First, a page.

Living in Sedona since the early 1990s, I have seen a lot of changes. Visitors increasingly lament how roads and houses encroach on the hillsides and ridgelines. Landscape photographers moan and grumble, then go to work using the rolling hills and bushy junipers to hide the architecture. It generally works.
Serious photographers often wait until just before sunset, the golden hour, to set up their cameras. This may not always be the best bet. Boynton Canyon, Oak Creek Canyon, and West Fork sink into shadow by early afternoon. Avoid shooting canyon scenes that include bright sunlight and large dark areas. Our eyes can quickly adjust to both extremes in one view, but cameras generally can’t. Take advantage of overhead lighting without large shadow areas, or wait for a light overcast.
Most mesas and mountain cliffs, of course, catch every last ray of sunlight. To capture the sandstone formations ablaze in color, turn your back to the sun and aim your camera east. Cathedral Rock, Courthouse Butte, and the Nuns all stand tall enough to turn fiery orange in the last few moments before sunset. Shadows from the Transept, the tall ridge to the west, overtake Bell Rock by late afternoon.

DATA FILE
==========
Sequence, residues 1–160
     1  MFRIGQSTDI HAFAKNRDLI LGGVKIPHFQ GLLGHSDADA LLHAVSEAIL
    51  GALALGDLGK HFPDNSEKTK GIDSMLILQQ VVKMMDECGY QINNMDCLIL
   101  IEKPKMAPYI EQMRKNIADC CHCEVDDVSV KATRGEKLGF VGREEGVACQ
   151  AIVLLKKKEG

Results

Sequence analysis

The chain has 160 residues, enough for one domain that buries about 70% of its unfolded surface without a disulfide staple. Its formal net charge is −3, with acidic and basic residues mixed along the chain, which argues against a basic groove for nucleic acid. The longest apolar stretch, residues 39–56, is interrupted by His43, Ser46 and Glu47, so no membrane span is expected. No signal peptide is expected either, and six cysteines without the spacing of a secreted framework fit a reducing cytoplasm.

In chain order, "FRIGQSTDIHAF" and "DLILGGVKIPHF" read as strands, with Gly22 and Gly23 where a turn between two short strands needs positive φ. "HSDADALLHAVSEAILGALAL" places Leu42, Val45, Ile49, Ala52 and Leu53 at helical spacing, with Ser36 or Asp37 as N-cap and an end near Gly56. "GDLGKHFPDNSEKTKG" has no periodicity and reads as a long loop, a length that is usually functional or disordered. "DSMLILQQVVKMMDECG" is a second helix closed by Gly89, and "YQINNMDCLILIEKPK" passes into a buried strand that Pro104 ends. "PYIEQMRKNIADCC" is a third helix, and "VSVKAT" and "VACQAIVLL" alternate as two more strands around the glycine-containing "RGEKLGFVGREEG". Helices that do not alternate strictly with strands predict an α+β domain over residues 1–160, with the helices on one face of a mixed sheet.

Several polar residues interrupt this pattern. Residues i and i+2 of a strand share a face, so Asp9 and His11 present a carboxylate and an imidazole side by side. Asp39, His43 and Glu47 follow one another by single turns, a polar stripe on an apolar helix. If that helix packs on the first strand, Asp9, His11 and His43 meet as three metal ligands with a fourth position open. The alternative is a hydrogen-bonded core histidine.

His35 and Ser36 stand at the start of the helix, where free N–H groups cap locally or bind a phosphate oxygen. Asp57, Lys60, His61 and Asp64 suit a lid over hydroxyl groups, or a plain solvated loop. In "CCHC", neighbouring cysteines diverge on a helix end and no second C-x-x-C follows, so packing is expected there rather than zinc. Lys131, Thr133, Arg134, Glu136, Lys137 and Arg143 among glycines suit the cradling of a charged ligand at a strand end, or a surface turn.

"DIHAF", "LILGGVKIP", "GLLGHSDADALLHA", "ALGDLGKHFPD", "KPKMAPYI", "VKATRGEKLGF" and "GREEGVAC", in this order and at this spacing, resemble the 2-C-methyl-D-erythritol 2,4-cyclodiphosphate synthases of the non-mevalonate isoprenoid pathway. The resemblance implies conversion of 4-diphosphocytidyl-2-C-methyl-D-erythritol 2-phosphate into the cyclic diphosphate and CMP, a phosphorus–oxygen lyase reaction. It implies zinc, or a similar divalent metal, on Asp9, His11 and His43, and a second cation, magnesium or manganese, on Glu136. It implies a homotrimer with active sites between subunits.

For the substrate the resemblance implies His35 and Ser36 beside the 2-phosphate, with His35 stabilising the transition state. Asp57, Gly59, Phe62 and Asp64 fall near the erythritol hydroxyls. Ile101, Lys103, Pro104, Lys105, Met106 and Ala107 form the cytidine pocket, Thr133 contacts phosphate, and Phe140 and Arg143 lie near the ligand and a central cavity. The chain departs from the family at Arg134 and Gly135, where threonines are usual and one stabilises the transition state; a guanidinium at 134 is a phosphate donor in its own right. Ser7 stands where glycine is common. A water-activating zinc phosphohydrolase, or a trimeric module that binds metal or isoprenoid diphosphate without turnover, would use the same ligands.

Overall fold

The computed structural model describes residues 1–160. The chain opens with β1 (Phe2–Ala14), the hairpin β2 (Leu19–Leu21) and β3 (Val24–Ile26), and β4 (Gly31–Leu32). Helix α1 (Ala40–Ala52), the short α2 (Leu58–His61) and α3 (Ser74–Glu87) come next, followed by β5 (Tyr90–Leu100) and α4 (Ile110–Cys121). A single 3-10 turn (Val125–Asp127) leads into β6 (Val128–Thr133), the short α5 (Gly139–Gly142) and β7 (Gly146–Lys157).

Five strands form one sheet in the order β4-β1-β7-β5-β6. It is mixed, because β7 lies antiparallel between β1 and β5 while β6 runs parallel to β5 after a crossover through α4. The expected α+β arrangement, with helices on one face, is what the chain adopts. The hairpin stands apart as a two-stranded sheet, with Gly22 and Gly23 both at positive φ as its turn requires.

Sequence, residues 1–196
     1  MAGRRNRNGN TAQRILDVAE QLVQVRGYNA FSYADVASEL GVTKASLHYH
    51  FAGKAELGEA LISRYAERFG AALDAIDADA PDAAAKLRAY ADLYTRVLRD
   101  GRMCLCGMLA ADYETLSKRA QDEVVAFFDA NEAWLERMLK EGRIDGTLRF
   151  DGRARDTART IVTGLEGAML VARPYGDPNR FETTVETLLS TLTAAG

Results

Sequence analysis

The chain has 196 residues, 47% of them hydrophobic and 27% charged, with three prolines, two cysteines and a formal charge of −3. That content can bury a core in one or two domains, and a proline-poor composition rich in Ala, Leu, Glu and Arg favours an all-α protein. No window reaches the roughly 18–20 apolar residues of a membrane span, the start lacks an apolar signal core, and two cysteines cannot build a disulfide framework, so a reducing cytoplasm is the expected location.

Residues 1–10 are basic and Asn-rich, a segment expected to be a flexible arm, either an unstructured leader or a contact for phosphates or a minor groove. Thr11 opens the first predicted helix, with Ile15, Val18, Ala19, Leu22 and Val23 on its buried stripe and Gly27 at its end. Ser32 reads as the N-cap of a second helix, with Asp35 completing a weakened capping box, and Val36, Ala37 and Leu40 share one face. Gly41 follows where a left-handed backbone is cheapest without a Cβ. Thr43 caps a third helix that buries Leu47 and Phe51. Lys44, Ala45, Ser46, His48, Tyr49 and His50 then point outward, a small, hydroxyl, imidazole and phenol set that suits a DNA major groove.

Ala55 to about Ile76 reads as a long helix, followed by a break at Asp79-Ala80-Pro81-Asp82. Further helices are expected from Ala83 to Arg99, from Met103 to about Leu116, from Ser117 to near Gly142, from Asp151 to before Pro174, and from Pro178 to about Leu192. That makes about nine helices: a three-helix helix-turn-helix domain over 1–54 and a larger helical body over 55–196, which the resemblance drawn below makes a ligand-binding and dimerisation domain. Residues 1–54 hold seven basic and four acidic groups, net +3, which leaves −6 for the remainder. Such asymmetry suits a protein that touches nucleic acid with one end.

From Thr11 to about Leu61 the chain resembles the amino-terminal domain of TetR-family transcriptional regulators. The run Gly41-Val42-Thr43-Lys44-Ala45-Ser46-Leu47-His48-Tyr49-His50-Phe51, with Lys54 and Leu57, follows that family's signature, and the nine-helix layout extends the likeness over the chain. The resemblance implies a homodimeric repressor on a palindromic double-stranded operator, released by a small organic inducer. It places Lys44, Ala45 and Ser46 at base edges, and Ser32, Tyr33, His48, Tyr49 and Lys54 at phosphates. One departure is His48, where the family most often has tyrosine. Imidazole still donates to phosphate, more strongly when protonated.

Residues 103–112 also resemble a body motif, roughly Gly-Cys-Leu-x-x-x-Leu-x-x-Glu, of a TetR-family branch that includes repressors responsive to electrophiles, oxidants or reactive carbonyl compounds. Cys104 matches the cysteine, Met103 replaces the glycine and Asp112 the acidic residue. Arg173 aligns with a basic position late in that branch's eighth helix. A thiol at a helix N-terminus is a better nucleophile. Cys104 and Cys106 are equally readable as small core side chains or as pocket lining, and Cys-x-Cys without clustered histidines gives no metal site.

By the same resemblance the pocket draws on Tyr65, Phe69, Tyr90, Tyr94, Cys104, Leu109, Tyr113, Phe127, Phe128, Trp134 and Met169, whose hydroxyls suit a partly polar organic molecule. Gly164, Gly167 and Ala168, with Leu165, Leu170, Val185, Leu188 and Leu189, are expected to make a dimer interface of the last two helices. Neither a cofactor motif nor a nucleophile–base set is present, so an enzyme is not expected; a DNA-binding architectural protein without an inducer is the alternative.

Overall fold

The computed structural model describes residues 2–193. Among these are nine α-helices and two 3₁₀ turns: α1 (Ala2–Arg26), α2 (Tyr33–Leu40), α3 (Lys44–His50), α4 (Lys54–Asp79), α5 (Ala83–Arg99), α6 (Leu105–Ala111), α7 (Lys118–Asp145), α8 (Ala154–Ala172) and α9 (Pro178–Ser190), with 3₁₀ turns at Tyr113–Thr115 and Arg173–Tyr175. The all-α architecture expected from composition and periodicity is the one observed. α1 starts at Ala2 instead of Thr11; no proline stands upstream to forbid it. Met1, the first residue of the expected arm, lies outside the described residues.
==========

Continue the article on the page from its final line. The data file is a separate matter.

Observing each season in Sedona, along with weather patterns and foliage changes, reveals a constantly changing landscape. Landmark rock formations catch the light differently as the seasons change. A perfect example is Coffee Pot Rock. If you want the orange glow of sunset, plan on photographing it in the winter. After winter solstice, in late December, the rising and setting sun steadily moves northward. From early spring to late autumn, the shadow of Capitol Butte, or Thunder Mountain, falls on Coffee Pot at sunset.
Photos along Oak Creek require thoughtful preparation as well. Canopies of greenery above the cascading waters provide refreshing summer scenes. But this is no secret, so expect to see families picnicking, people fishing, or romantic couples sunbathing around every corner. To photograph Oak Creek without crowds, come in early spring or late summer when cold water discourages swimmers. If possible, plan your shoot on a weekday, early in the morning. Yes, the creek will be locked deep in shadow at that hour, but another way of looking at “shadow” is “consistent indirect light.”